After jumping ship from his track to become a doctor, Ken Jeong hit the comedy world with a bang. Over the past five years, he’s escalated from a bit part in Knocked Up into a substantial player on both the big and small screens. This weekend, Jeong appears in The Hangover Part III, and while the marquee will tell you the comedy threequel stars Bradley Cooper, Zach Galifianakis, and Ed Helms, its dominated by Jeong.
“This is the biggest role I’ve ever had and I think it’s the best thing I’ve ever done as an actor,” Jeong says. “I feel like this role is a culmination of everything I’ve done.”
That’s true on a comedy level: with a leading role intertwined into the misadventures of the Wolf Pack, Jeong’s third outing as gangly crimelord Chow required a bit more pacing. He worked with director Todd Phillips to revive the manic character in a way that would be palatable over the course of an entire movie. “Todd is a great coach. He knows when to give me latitude and do my thing,” he says. “He also knows when to rein me in. Having such an expanded part, it was really my first exercise in tracking the whole movie from beginning to end and where I’m at. It’s not about maximizing being funny. It’s a marathon and not a sprint.”
The beefed up role also required more physicality than Jeong is used to. In the opening sequence, Chow escapes from the prison where we last saw him in Part II. To escape, the gangster finds himself leaping from the top of a mountain into the ocean — a stunt that required Jeong to jump from a sky high platform into a water tank over and over and over for a full day.
“That was the most intense stunt I’ve ever done. It was also, possibly, the greatest day of my career,” Jeong says. As he puts it, Jeong has a “massive fear of heights” (he drops the word “massive” a few more times for emphasis). “I’m the kind of dude who cries on Ferris wheels. No joke — I was with my kid at Disney World on a Ferris wheel, and I was more scared than my kid.”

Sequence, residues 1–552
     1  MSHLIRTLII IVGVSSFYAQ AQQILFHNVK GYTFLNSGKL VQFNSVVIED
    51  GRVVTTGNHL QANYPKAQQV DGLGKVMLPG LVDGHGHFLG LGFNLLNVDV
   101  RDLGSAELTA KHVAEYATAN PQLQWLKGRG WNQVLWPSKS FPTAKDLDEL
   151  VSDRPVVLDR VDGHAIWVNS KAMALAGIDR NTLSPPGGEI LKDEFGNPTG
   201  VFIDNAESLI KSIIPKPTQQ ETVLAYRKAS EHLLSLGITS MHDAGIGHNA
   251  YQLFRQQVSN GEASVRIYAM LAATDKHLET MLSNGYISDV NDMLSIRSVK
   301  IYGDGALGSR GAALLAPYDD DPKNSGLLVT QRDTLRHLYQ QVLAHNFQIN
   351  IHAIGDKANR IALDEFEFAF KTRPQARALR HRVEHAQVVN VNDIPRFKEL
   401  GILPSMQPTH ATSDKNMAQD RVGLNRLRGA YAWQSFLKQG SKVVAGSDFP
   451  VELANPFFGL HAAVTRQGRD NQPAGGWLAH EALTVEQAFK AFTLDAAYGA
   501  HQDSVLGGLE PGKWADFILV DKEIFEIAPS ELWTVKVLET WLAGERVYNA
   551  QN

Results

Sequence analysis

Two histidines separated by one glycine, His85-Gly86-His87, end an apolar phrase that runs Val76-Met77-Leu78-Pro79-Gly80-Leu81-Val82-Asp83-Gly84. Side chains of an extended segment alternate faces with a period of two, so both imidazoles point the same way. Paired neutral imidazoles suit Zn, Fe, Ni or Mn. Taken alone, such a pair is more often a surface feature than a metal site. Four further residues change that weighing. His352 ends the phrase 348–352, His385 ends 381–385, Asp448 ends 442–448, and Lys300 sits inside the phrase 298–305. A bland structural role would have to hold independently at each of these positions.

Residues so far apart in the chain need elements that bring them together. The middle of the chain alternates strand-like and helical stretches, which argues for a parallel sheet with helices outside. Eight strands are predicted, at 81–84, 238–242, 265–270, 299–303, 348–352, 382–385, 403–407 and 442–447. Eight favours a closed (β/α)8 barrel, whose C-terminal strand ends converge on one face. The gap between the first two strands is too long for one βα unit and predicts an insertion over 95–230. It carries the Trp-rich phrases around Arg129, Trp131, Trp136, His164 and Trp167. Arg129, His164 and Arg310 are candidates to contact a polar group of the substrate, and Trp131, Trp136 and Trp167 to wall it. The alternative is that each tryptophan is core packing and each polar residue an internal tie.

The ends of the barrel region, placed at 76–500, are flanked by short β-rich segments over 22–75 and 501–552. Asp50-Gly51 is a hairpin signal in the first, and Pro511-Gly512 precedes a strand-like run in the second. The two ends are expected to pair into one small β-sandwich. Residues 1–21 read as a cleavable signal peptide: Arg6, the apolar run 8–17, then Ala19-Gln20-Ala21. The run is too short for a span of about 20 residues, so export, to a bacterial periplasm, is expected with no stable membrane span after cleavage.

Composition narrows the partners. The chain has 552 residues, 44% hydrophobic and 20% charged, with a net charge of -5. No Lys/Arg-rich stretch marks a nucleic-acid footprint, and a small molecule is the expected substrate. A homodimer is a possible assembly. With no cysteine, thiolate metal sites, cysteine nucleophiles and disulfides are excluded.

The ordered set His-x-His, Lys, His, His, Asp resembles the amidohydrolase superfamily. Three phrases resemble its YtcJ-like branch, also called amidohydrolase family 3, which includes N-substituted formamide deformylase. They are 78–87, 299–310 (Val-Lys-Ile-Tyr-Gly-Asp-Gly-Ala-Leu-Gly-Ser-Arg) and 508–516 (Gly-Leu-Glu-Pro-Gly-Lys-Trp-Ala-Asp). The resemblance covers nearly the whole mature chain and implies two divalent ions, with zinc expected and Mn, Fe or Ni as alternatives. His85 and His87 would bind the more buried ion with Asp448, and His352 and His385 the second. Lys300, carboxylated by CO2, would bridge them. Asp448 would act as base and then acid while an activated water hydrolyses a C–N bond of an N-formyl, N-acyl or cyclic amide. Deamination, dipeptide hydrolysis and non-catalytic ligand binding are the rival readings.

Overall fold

To conquer his fears, Jeong worked with Jack Gill, Tom Cruise’s stunt coordinator on Mission: Impossible – Ghost Protocol. “I worked with him once a week, being in a harness, 10 feet. Just getting used to that. Then 15 feet. Next week 20 feet. Then 25, 30. And then moving in a harness at those heights,” he says. As scared as he was, Jeong admits that being thrust into danger is what he believes an actor’s job is all about. “Every actor says, ‘Yeah, it was great because I wanted to step out of my comfort zone.’ Well, I put my money where my mouth was.”
Not all stunts come in the same shape and size. At one point, Jeong has to stick his nose in Ed Helms’ butt. And not just once.
“We know what we’re getting into when you sign up for a Hangover movie,” Jeong says. “And knowing Todd Phillips so well and knowing the tone of his movies, which I love… I think what we all have in common, we have a love of comedy and a love of mayhem. Deep down inside. Subconsciously. What I love about this group of actors is there is no overlap. No one is a diva. There’s no ego. The most grounded group of actors. That’s what I’ll miss the most.”
So will Jeong return if The Hangover Part IV stars brewing? He would be there in a heartbeat — and wouldn’t mind stepping up his game even more for a solo venture.
“I love Chow so much. I’d love to do a Chow spin-off,” he says. “I’d love to do anything Chow related. It’s so freeing. You can say or do anything.”
Or maybe a TV spin-off… although weekly doses of Chow is an intimidating notion.